Why are there two high tides each day?

Why are there two tides each day

Most coastal zones around our planet experience two high tides each day. Since the moon takes 24 hours and 50 minutes to complete a full lap around the Earth, it only stands directly above a given location once per day. At that moment, this particular location will experience a high tide. However, due to the effect of the centrifugal force on the ocean by the Earth’s orbit, this same area will experience a second high tide once it is positioned directly opposite to the moon. Hence, the water will bulge away from the Earth’s surface, as if continuing its straight line course.

Surfers, fishermen, divers, sunbathers, swimmers, and beachgoers all have witnessed the up and down movement of the sea in relation to the land – an event commonly known as tides. Many have also realized that, in most coastal locations around our planet, the waters tend to reach their maximum level twice per day, in a periodic cycle. Still, despite comprehending that the tidal phenomena are associated with the moon (among other things), not everyone can fully grasp the reasons why there are two high tides each day.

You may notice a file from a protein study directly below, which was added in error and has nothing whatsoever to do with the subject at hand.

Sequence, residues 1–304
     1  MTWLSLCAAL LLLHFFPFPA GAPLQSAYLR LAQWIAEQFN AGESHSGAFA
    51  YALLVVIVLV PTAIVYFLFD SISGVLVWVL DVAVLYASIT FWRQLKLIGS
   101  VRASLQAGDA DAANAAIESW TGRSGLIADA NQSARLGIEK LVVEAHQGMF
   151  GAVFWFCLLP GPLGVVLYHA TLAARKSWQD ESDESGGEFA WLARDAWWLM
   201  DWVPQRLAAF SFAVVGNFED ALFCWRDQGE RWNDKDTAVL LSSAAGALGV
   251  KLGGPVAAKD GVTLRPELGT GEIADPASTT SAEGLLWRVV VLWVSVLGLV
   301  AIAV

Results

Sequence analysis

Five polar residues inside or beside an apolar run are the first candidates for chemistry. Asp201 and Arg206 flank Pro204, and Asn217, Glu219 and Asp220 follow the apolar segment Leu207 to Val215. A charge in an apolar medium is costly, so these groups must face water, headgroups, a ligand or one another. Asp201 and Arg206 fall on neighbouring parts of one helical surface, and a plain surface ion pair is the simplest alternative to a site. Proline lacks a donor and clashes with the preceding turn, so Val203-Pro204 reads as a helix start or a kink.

In order to understand such process, it’s necessary to consider that the Earth’s gravitational force attracts that of the moon, and as a consequence, they end up in orbit around each other. Due to our planet’s much larger mass, the center of their orbit happens to be closer to the Earth – about three-quarters of the distance from core to crust. With all that pulling and spinning around each other, the Earth’s layer of water distorts, causing whatever area that faces the moon to bulge towards it. But unlike any other kind of wave, this vast, shallow water pulse is never free from the forces that originate it, acting in an unusual yet predictable way. Hence, the interval in which the tides rise and fall at a specific point on Earth is related to the constancy with which the moon “pulls” the waters on that given location.

Our planet spins around its axis every 24 hours, which means that also once per day, a given coastal area will be under the moon, thus experiencing its gravitational force more intensely, responding to a stronger pull, and producing a high tide. As the moon takes 24 hours and 50 minutes to complete a lap around the Earth, this very same location will experience a low tide 6 hours and 12 minutes later, when the moon is the furthest away from it. This area will then be flooded by one more high tide, 12 hours and 25 minutes after the previous one. The second high tide is an effect of the centrifugal force on the ocean – generated by the Earth’s orbit around the centre of gravity between it and the moon – where the water tries to continue its course, consequently moving away from the Earth and also forming a bulge on the opposite side.